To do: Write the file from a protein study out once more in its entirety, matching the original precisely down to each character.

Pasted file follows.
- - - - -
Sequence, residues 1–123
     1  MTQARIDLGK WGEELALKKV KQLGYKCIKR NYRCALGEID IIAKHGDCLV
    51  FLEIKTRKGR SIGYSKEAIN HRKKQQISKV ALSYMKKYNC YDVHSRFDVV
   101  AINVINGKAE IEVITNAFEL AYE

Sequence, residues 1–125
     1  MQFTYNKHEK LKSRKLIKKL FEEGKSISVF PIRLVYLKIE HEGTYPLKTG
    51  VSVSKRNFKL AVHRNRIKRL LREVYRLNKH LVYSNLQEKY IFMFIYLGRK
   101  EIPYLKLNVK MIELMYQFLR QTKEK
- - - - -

Sequence, residues 1–123
     1  MTQARIDLGK WGEELALKKV KQLGYKCIKR NYRCALGEID IIAKHGDCLV
    51  FLEIKTRKGR SIGYSKEAIN HRKKQQISKV ALSYMKKYNC YDVHSRFDVV
   101  AINVINGKAE IEVITNAFEL AYE

Sequence, residues 1–125
     1  MQFTYNKHEK LKSRKLIKKL FEEGKSISVF PIRLVYLKIE HEGTYPLKTG
    51  VSVSKRNFKL AVHRNRIKRL LREVYRLNKH LVYSNLQEKY IFMFIYLGRK
   101  EIPYLKLNVK MIELMYQFLR QTKEK